Article 19 of the DoH requires that all clinical trials be registered in a publicly accessible database before the first participant is recruited.5 Likewise, the WHO considers trial registration a scientific, ethical and moral responsibility.9
In early 2009, the HIV/AIDS, Tuberculosis and Malaria (ATM) Clinical Trials Registry became the principal registry for all clinical trials conducted in Africa.9 Recently renamed the Pan African Clinical Trials Registry (PACTR), it is part of a growing trend of compliance with the DoH and increasing local oversight of international medical research.9 In the past several years some countries, including the USA, have established mandatory clinical trial registries.9
As well as revealing the trial design, Article 30 of the 2008 DoH states that authors and sponsors have an ethical obligation to the public to publish research conducted on human participants,5 including negative, inconclusive and positive outcomes. A significant proportion of medical research remains unpublished, or may be published with some results omitted.9 Selective reporting leads to an incomplete and potentially biased view of a trial and its results.9
A lot of money, time and resources have been spent on compliance with the DoH. For countries such as SA, which already have guidelines for trial registration and results publication, the FDA’s decision might not be as significant. Yet for developing countries without these guidelines, this could hamper the current and future efforts of trial registries, and have financial implications for efforts already invested.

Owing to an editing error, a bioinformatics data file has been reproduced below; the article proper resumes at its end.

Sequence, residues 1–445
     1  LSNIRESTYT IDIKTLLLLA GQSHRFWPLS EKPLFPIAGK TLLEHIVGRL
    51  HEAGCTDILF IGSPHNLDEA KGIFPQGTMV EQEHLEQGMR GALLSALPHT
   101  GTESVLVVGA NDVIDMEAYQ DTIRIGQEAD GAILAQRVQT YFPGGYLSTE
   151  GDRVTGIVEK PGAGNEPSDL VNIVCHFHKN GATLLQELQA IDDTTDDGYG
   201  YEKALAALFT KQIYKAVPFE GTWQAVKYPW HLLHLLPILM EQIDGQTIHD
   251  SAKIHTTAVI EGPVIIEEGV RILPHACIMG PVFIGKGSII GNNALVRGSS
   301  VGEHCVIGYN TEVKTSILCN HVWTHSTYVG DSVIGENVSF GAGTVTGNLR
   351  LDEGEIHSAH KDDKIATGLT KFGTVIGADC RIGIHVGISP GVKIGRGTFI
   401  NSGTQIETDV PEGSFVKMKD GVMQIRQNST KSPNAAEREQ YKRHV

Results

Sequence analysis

Conflicts of interest
Article 14 of the 2008 DoH states that the clinical trial protocol should contain a statement of the ethical considerations involved and indicate how the DoH’s principles have been addressed. It should also provide information on funding, sponsors, institutional affiliations, and other potential conflicts of interest to both RECs and trial participants. 5 However, this principle is not specified in ICH-GCP. This raises another ongoing ethical issue, since in 2012 the FDA announced that it might relax certain conflict-of-interest restrictions that prevent scientists with financial ties to the drug industry from becoming members of its advisory panels15 (the FDA appears to be holding back on its decision for the time being).16